agents interoperability. The proposed framework is designed based on blackboard design style.
This framework is composed of mainly two components: controller and cloud ontology
blackboard environment. Both components are using ontology for discovering the best suit set of
responses regarding the consumer requests.
The rest of this paper is organized as follows: In Section 2, the proposed framework is described;
its structural and behavioral is illustrated in details. Section 3 illustrates the related works. Case
study is described in section 4. Finally, In Section 5, conclusions and future work are discussed.

2. PROPOSED FRAMEWORK
In this section, we have been introducing both the structure and behavior of our ontology-based
cloud framework for discovery their external agents interoperability. The proposed framework is
designed based on blackboard design style. This framework is composed of mainly two
components: controller and cloud ontology blackboard environment as shown in Figure 1.
The role of controller is to directly interact with consumers. The controller functionality starts,
after receiving the consumer request, and then it uses its built-in controller-ontology for
decomposing the request into set of mini-requests (i.e. distributing the request to its primary basic
components). After that, send this set of requests to the cloud ontology blackboard environment
component and waiting for responses. Finally, after receiving the responses from the (COBE)
component, it starts his final process by constitute these set of responses into one consistence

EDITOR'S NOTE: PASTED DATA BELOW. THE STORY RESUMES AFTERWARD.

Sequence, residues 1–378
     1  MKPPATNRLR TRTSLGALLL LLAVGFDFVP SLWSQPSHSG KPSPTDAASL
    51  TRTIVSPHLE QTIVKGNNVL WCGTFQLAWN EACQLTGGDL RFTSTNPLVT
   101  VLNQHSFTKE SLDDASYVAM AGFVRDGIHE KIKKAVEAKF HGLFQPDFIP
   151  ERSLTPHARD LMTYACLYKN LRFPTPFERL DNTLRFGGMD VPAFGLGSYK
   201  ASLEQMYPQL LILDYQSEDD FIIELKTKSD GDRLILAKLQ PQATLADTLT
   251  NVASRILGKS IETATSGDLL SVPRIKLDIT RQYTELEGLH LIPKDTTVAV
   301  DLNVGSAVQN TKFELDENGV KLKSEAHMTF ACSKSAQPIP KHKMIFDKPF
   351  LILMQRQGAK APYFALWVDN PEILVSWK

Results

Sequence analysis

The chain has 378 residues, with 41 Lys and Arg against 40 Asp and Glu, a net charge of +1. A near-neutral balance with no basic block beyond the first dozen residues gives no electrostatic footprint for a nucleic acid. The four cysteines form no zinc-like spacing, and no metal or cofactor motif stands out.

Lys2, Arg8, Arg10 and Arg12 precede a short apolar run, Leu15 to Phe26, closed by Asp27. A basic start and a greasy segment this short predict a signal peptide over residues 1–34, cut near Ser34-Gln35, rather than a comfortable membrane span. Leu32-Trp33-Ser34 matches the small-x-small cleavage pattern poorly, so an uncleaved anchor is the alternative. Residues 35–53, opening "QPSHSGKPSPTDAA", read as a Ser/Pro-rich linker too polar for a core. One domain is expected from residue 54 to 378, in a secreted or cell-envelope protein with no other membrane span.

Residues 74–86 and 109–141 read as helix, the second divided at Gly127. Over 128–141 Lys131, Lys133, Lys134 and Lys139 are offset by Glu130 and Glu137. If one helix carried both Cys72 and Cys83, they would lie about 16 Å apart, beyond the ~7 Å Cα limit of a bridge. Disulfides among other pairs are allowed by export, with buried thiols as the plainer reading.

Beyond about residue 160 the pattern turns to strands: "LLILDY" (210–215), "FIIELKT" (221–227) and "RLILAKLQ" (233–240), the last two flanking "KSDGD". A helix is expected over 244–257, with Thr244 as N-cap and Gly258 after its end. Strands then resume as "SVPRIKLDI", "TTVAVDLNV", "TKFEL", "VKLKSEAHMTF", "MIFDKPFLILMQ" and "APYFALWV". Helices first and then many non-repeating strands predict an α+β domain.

response and send it back to its consumer.
The (COBE) component is responsible for interacting to all possible clouds, different agent
systems, and controller. It uses meta-ontology for restructuring data, using AI reasoning methods,
and mapping data to its equivalent redistributed request. The behavior of (COBE) consists of the
following sequence: first, receive the distributed set of request from the controller, then using the
meta-ontology for restructuring cloud and agent data and runtime updating this data for any
changes. After that, it uses AI reasoning methods such as forward or backward reasoning to
extract the acceptable responses from the data streaming flow between COBE and its external
agents. Next, COBE starts its processes in this stage by mapping the responses data to its
equivalent request. Finally, COBE sends the response sets and its mapping parameters to the
controller. The implemented behavior of COBE is illustrated as pseudo code in table 1.
The COBE starts its functionalities by checking the request type; if the request type is simple this
means the COBE neglecting the distribution option. In case the request type is composite this
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International Journal on Cloud Computing: Services and Architecture (IJCCSA) ,Vol. 4, No. 5, October 2014

implies the distribute function of COBE will be fire, and based on the result of distribution, the
COBE starts the second function by mapping each sub request to its partner.
The main component of the proposed framework and its interaction are shown in Figure 2, which
represents the structure part of the COBE. The dynamic behavior of the COBE is illustrated using
Figure 3, which focuses on business processes and dataflow of the system Moreover each
component of the core uses the business rules to handle the flow or apply the reasoning methods.

Figure 1 COBE Framework

Figure 2: Class diagram of the proposed framework


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International Journal on Cloud Computing: Services and Architecture (IJCCSA) ,Vol. 4, No. 5, October 2014